The Price of Beauty

“The Price of Beauty” - Lynn Eusan


She looked different from the other University of Houston homecoming queen candidates. She didn’t have white skin, and her hair didn’t fall down to her shoulders. Her skin was mahogany, and she wore her hair in a majestic Afro that formed a halo around her head.

It was 1968, and Lynn Eusan was 20 years old when she made history as the first African American Homecoming Queen at my alma mater. There were only 1,000 Black Students on campus, and most the Greek Organizations were still segregated. There was very little, if any, interaction between black groups and white groups. Through the joint efforts of blacks and other minority students at the University of Houston, they banded together against overwhelming odds to get Eusan elected Homecoming Queen. Eusan received numerous death threats, and Fraternities held minstrel shows in black face to mock her candidacy.

Eusan had helped to form the student organization “African-Americans for Liberation”, led protests to establish an African-American Studies Department, and marched to demand the hiring of more Black Faculty and Staff on campus. She was a human rights activist, journalist, photographer, and volunteered in Houston’s economically challenged Third Ward black neighborhood.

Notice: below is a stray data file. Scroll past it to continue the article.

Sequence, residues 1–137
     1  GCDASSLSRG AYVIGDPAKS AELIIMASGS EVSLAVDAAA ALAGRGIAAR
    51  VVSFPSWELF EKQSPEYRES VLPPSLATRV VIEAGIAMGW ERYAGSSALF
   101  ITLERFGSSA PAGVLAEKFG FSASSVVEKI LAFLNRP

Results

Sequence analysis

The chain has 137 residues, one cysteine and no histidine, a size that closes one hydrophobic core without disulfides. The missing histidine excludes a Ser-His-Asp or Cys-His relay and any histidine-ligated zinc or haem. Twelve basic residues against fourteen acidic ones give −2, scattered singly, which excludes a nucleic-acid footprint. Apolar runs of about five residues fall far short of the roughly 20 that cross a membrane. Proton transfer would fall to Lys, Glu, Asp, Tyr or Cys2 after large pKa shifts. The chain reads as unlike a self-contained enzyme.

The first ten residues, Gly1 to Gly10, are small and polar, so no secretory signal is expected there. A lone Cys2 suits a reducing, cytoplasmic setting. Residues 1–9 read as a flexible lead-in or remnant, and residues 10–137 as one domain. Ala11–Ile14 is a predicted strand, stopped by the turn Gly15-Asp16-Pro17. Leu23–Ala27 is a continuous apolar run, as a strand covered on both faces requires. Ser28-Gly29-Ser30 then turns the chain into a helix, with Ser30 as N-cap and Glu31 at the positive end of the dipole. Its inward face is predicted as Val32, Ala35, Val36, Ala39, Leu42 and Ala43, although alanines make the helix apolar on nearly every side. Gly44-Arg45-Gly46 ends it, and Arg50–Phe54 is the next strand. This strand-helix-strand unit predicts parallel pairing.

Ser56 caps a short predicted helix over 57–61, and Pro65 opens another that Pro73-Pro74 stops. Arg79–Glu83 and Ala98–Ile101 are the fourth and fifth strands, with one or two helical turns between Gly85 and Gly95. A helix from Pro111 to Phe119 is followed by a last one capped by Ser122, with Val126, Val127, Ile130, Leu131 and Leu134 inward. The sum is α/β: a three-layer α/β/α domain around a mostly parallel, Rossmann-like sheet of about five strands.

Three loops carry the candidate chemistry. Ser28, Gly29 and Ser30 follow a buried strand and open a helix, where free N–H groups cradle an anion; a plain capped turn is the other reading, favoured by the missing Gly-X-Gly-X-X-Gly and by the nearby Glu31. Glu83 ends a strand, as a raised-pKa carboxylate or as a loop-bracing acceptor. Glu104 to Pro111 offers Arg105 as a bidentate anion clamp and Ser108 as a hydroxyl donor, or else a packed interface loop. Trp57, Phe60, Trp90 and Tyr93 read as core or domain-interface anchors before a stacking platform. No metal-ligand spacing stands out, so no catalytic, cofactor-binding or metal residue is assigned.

A year after her graduation from U of H, she was abducted from a bus stop, trying to make it home during hurricane weather. On September 10th, 1971, Eusan was found dead, with multiple stab wounds, in the back of a car that had crashed into a police car. The driver said he had found her, still alive, and was rushing her to the hospital. He was charged and then acquitted. Her murder remains unsolved.

In 1977, I was elected Black Student Union President, a grandchild organization of Lynn Eusan’s “African-Americans for Liberation”. I took African-American Studies classes that she helped establish. There were only 1,700 Black students out of 32,000 students when I attended U of H, a miniscule increase in numbers from when Eusan was a student. We formed powerful campus coalitions to defy the still largely segregated white Sororities and Fraternities, electing an African-American student body President, and two African-American Homecoming Queens.

Distressed “Princess” dress, altered boys cotton dress shirt, recycled vanity drawer, vintage purse, Cotton Fabric from U.S. and Ghana, hand painted and hand dyed fabrics, vintage and new buttons, glass beads, African Trade Beads, nails, embroidery thread, archival fabric pens, acrylic paint, found objects, soil from U.S. and Ghana, rafia, watercolor paper, photo transfers.